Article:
The second part is application of the estimation model 106 to new measured state parameters. During equipment operation, measured state parameters 104 are input into the estimation model 106. The state parameters 104 generally are measurable operational parameters of a physical system that describe the temporal behavior or other attributes of the system as a whole rather than providing detailed information about the part itself. The state parameters 104 may also describe an environment in which the system operates. The state parameters 104 are then used to obtain estimated features defining an estimated load signal. The estimation model 106 can then use the estimated features to synthesize a load signal waveform that is an estimate of the actual loads and/or actual responses experienced by the part. More particularly, the estimation model 106 infers a correlation between the state parameters 104 and the load signal.
In one example, the features reflect the load signal over time with respect to various operating conditions. More particularly, the estimation model 106 separates time dependent features, such as mode amplitudes, and time-invariant features, such as mode shapes, and then stores the time-invariant features in a library. Note that the time-invariant features in this example are functions of an azimuth angle defined, for example, over a span of a single revolution of a rotating part. The mode shape reflects many characteristic details of the signal behavior over one revolution, while the mode amplitude reflects signal characteristics that change more slowly over multiple revolutions.
By separating the load estimation system 100 into two separate steps, the system is able to capture most of the key non-linearities in the relationships between the measured state parameters and the load. The two-step process also builds in more information about the relationships between loads and the state parameters 104 by predicting an entire load signal waveform output rather than a single characteristic of the waveform (e.g., peak-to-peak amplitude) as in most previously known methods.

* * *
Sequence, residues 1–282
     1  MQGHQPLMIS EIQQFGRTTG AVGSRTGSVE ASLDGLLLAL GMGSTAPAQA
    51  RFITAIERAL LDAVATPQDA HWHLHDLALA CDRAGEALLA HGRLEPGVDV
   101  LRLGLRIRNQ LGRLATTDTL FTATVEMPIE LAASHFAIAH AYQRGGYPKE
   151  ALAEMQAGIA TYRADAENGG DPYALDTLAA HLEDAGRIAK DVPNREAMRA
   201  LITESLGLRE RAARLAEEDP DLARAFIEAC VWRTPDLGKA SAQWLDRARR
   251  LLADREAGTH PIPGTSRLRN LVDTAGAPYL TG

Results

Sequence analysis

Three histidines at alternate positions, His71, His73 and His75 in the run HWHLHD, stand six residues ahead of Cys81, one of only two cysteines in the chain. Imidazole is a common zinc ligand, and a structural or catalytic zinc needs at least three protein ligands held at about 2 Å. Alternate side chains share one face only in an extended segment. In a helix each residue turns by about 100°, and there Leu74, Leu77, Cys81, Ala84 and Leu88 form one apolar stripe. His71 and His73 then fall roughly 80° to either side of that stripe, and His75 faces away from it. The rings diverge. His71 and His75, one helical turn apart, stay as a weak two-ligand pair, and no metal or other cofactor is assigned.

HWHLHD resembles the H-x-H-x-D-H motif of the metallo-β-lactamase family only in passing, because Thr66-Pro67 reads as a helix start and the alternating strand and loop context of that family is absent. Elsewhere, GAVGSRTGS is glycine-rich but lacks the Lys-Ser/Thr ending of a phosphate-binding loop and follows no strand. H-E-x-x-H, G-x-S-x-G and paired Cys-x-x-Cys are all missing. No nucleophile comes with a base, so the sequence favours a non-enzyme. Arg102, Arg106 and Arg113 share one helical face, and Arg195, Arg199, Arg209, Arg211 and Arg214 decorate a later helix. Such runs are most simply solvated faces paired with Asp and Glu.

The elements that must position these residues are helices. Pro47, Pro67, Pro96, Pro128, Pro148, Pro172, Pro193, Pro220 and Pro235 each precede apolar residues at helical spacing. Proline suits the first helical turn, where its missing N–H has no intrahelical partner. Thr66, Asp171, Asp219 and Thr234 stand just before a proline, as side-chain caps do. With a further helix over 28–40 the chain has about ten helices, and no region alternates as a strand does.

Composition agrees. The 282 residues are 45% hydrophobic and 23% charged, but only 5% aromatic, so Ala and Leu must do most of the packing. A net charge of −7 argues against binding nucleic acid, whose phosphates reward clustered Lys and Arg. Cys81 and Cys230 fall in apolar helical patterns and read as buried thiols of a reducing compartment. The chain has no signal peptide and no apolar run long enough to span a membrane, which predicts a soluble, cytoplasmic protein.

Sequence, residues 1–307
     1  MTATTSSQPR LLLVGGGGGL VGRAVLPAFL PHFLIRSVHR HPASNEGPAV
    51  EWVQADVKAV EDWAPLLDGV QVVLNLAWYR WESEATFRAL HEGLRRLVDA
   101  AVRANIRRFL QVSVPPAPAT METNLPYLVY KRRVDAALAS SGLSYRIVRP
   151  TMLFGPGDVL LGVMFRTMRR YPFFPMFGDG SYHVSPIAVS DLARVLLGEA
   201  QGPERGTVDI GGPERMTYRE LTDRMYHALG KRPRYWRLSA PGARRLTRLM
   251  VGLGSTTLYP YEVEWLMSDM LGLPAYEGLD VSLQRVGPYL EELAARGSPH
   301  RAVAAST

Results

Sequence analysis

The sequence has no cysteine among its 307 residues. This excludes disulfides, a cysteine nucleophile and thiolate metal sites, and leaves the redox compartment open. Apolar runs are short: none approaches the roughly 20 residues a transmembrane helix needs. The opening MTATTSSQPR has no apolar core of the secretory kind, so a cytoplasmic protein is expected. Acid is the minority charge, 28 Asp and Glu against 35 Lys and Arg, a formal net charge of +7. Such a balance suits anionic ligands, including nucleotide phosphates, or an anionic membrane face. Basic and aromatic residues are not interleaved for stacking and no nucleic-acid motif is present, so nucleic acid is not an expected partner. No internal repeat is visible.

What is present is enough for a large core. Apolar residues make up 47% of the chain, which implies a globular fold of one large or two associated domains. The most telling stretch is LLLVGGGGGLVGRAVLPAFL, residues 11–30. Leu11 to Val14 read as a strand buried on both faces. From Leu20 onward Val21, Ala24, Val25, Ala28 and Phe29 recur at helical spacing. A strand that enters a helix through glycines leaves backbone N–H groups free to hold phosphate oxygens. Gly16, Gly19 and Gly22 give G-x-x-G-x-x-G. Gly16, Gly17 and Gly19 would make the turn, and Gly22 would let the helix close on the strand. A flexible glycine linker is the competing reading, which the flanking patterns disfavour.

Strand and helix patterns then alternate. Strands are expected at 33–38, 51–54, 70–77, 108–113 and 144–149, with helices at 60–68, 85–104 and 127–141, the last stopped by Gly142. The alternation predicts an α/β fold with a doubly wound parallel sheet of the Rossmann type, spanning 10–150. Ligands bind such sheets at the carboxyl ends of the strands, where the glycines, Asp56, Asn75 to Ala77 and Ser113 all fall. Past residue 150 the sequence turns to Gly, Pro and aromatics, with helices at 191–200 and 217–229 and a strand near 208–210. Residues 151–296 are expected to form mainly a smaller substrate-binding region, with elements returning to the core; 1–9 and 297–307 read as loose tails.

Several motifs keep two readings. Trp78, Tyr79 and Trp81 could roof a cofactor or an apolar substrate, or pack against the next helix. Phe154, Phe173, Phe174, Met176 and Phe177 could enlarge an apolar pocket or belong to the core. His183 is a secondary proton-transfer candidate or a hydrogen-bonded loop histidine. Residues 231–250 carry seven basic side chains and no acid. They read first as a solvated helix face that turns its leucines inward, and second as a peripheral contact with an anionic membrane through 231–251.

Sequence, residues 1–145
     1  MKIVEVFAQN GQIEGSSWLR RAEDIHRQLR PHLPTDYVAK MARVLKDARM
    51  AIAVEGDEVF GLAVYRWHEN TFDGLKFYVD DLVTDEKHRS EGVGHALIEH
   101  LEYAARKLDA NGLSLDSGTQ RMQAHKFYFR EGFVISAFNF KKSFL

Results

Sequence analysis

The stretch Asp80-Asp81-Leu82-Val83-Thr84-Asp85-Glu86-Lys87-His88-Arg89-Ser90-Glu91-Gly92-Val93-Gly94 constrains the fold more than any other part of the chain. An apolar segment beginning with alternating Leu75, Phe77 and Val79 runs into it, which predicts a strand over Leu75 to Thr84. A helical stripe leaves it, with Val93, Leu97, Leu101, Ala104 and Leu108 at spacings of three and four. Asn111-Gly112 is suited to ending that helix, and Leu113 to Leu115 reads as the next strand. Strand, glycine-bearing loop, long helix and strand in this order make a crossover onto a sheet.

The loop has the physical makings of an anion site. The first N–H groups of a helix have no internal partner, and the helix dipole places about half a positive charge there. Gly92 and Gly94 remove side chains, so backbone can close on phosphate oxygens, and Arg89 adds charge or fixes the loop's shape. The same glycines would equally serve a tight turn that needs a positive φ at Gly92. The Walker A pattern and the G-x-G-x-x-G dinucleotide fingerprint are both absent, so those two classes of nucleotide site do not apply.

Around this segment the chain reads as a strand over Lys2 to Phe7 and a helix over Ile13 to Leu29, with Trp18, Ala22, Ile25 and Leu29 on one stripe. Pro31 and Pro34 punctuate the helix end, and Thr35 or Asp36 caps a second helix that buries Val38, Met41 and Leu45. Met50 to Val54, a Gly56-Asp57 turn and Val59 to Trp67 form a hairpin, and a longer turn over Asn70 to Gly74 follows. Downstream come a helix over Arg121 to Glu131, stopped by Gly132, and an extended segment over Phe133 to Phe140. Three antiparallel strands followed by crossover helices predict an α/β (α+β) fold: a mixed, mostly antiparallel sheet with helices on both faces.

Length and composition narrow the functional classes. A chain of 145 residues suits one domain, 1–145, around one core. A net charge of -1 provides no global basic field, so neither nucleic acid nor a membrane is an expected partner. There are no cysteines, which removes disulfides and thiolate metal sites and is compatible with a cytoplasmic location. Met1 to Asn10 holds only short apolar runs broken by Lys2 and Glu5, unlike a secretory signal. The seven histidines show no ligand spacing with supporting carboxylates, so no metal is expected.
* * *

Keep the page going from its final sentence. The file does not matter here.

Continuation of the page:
Additionally, loads measured by training/operation physical sensors 110 b and operation physical sensors 110 c are also input to the estimation model during equipment operation. As shown, training/operation physical sensors 110 b are the same physical sensors 110 b (or at least, physical sensors at the same location and/or measuring the same loads) that are used in both model training and in operation. The operation physical sensors 110 c are physical sensors that are not equivalent (in location, or what load was being measured) to any physical sensors used in model training, but are used during equipment operation. Training physical sensors 110 a are physical sensors that were used during training but not during operation.